May 2003
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New Fredericton Medical Clinic should ease strain on Health Care Resources, will benefit families and teens
By Lauren K. & Alexa K., Grade 12, Fredericton High, Fredericton, NB

Frederictonians are getting excited about the opening of the province's first collaborative-care medical clinic.

The new clinic, which will be located in Marysville, is set to open in October of 2003, when it will be fully staffed and ready to operate. It will employ up to six doctors, a nurse practitioner, three registered nurses, and two clerks and will have the capacity to care for up to 13,000 patients. They will welcome and work together with any patients who do not have a family doctor in the city. New people to the city have a difficult time finding a doctor, so this will be a good solution for them.

On Wednesday New Brunswick Premier Bernard Lord, along with Health Minister Elvy Robichaud made the announcement to open the new clinic. The condition laid down by the provincial government is that the clinic must be located on the North Side of the city, however they're leaving the exact location up to River Valley Health.

Statistics show that New Brunswick has the highest percentage of its population without access to family doctors. In the city of Fredericton the 10,000 patients without doctors will find this clinic of particular benefit to them. There will be no waiting lists, until later in the year, for people who want to attend the clinic. The reason there will be no waiting lists yet is because a new physician is coming to Fredericton in the summer and will be taking patients on his own.

The clinic will operate seven days a week, 12 hours a day during the work week and five hours a day on weekends. These weekend hours will make it more convenient for those who cannot go to the doctor during the week.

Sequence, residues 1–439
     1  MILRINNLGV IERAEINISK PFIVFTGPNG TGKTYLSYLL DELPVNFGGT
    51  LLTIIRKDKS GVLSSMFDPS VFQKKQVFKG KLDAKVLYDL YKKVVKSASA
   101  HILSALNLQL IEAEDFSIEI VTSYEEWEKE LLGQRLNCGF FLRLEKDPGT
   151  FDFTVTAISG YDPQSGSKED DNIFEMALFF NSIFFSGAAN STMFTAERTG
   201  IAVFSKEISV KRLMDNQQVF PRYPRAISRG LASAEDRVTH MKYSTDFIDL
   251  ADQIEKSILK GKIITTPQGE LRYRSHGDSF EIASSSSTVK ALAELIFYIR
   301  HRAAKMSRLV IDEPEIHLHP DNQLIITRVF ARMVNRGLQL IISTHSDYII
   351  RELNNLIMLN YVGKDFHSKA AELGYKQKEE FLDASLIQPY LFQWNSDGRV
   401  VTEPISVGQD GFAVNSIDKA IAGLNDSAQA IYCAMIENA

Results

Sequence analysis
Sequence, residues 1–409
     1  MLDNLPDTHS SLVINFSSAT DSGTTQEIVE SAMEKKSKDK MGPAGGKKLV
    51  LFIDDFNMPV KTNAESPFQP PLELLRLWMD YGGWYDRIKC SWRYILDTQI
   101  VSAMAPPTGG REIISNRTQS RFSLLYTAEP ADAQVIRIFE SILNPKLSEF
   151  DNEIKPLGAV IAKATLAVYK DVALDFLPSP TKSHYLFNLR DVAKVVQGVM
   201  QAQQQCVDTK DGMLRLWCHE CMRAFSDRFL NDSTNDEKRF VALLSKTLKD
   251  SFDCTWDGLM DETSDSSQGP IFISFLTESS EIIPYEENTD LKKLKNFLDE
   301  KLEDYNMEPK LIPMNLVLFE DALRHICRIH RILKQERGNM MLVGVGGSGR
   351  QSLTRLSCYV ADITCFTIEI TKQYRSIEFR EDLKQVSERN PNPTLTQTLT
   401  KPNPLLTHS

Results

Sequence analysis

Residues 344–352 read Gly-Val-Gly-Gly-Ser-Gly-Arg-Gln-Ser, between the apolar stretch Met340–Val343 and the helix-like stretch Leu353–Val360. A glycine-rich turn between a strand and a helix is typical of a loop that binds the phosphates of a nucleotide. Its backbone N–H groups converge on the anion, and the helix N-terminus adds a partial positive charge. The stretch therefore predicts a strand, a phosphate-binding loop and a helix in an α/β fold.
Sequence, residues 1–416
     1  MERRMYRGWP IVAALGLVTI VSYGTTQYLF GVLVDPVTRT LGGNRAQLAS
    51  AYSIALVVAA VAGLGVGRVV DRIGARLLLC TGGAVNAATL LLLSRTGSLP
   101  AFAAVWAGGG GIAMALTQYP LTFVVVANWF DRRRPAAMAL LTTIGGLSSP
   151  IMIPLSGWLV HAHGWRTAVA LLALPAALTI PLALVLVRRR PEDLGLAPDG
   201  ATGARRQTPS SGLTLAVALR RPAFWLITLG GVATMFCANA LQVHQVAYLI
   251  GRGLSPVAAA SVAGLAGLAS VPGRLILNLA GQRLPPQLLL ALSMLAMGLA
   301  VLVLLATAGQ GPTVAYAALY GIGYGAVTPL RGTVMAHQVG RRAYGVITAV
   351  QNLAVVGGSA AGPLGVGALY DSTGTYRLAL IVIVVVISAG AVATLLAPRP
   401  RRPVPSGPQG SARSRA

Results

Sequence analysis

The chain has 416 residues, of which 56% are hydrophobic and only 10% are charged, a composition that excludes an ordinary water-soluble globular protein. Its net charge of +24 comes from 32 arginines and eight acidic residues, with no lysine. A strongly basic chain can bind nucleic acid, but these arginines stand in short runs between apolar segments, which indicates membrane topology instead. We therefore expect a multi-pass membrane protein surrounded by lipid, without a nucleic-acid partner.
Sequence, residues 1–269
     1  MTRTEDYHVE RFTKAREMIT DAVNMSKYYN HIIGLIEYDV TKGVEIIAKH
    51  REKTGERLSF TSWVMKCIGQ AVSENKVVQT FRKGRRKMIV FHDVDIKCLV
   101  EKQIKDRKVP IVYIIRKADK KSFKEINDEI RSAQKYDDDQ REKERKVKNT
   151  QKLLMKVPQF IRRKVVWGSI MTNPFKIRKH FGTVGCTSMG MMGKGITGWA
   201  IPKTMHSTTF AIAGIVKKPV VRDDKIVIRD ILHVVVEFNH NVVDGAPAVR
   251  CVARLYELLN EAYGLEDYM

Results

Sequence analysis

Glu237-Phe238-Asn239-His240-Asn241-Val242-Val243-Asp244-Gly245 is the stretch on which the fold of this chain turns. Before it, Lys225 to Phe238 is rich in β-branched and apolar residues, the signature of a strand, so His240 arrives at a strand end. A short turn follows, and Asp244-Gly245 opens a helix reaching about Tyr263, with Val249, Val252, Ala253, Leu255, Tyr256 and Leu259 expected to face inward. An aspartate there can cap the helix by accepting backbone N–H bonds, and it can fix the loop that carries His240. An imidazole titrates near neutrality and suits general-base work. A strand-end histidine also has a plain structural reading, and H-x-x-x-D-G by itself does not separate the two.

The new clinic will receive help from the government. They will get one million for initial capital costs and then receive $1.3 million a year for operating expenses. The Lord Government, since 1999, has increased health care funding by $489 million.

The advantage of this collaborative-care clinic is that it will reduce the strain on the emergency room at the Doctor Everett Chalmers Hospital where the majority of the cases are not life or death situations.

Ann Kelly, a resident of Fredericton, said, "I think collaborative health care clinics are an excellent idea. They particularly are helpful to people with chronic health problems who don't get the care they need by bouncing between doctors at the emergency room, or at after hours clinics. In my opinion, they are especially important in women's health care since most women would not have regular pap tests or breast exams in the facilities available to those who have no family physician."

River Valley Health has been speaking with 7 or 8 doctors, including new medical school graduates and physicians who are outside of the province, who are interested in working in collaborative clinics. These types of clinics are attractive to hard to find doctors who can work regular hours and get paid a straight salary versus long hours and a fee for each patient they see.


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